Enjoy my slideshow: My photos include: Interior and exterior views of the basilica, including the cornerstone from 1904 (7 photos), coats of arms of both the Basilica and of the Archdiocese of Miami (2), Adoration Chapel (outside and inside views-2), outdoor shrines (2), Grotto of Our Lady of Lourdes (2), Basilica-School (1), Sisters' cemetery and convent info (3), Stations of the Cross garden (3), and War of 1898 info (1).
Basilica Dedication Mass:
The Solemn Mass marking the official dedication of minor basilica status and the conferral of the insignia of the basilica was held on May 31, 2012, the Feast of the Visitation of the Blessed Virgin Mary. The principal celebrant was the fourth Archbishop of Miami Thomas Wenski, a Florida native, who joined the parish community and their pastor (now rector of the basilica) Father John C. Baker to share in the joy of this historic milestone.
Read Archbishop Wenski’s Homily from the Dedication Mass here
For More Information:
Check out this 86-second video from Catholic Miami of the Archdiocese of Miami which captures some of the beauty of this incredible basilica here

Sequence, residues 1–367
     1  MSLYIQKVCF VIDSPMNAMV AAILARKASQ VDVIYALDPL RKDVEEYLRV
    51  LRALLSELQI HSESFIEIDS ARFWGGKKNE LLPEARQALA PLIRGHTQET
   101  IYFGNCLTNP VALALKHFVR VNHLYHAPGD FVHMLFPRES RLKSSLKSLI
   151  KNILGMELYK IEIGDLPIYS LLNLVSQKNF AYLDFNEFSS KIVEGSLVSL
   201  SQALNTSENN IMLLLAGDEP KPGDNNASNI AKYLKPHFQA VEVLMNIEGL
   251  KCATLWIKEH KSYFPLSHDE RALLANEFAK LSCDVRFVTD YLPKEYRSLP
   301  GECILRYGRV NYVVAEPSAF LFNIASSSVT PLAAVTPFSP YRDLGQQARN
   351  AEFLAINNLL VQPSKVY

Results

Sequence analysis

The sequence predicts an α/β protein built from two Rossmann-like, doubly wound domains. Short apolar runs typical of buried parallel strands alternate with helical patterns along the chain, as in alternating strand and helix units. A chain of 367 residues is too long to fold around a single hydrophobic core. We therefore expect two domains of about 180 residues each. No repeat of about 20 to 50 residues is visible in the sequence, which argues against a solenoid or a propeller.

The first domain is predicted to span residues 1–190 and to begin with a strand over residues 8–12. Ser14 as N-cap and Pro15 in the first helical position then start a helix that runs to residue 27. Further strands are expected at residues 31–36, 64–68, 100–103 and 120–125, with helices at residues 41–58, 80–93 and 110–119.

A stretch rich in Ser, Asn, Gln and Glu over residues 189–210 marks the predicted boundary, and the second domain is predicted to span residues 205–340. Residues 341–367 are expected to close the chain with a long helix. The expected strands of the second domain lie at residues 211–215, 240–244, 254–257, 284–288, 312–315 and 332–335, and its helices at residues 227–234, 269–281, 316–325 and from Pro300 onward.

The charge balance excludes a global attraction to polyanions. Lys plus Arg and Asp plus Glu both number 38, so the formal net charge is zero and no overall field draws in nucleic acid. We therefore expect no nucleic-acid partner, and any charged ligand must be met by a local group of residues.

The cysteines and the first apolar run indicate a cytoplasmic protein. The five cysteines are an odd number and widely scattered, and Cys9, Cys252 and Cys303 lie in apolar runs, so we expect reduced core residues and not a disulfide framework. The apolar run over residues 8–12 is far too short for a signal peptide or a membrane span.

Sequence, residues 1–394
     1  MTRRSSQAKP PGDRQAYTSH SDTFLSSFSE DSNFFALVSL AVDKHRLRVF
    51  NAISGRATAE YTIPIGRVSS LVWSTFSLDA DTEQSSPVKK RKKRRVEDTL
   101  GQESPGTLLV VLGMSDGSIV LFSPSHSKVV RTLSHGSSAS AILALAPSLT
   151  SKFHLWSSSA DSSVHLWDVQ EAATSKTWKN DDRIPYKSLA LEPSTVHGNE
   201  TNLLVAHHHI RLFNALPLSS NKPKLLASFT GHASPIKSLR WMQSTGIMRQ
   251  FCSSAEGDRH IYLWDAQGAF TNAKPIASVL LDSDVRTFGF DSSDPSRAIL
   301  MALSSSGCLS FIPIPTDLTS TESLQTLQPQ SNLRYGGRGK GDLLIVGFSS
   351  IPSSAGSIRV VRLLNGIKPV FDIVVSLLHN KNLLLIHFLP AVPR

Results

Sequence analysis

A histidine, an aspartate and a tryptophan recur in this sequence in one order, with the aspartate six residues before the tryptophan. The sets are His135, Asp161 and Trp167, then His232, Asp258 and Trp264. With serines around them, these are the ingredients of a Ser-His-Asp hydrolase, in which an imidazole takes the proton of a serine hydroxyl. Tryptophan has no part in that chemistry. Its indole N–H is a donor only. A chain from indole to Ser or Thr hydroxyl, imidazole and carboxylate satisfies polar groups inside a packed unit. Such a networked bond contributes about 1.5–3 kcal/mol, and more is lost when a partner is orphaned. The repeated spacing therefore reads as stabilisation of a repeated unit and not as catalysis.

“Human life is a journey. Towards what destination? How do we find the way? Life is like a voyage on the sea of history, often dark and stormy, a voyage in which we watch for the stars that indicate the route…
Holy Mary, Mother of God, our Mother, teach us to believe, to hope, to love with you. Show us the way to his Kingdom!
Star of the Sea, shine upon us and guide us on our way!”
—Pope Benedict XVI, “Spe Salvi”
(In Hope We are Saved, 2007)
April 14, 2013 02:32
By Patti Murphy Dohn
Today, March 21, marks the first anniversary of the death of John Carroll student Xavia Pirozzi